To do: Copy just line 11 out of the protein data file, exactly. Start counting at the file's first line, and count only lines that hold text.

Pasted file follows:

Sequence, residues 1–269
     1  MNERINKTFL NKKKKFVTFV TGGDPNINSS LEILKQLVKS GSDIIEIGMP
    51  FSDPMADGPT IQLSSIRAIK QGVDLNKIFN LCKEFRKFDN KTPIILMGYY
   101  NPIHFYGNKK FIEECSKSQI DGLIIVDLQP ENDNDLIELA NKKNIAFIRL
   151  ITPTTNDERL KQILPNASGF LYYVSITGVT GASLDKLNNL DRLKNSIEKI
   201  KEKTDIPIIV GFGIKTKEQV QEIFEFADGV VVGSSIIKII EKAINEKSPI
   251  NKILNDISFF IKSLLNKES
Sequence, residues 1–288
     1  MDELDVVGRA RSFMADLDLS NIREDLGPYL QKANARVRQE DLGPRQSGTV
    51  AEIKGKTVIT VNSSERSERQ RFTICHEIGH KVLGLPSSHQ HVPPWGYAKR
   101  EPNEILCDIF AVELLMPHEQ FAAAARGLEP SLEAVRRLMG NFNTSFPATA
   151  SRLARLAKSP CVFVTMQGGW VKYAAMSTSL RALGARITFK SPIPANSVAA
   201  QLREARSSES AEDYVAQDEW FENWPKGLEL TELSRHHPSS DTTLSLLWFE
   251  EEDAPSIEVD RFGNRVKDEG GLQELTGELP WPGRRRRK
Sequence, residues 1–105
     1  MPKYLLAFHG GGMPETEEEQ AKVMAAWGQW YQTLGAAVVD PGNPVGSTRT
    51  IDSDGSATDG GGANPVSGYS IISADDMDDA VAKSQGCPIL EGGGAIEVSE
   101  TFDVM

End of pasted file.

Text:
   101  EPNEILCDIF AVELLMPHEQ FAAAARGLEP SLEAVRRLMG NFNTSFPATA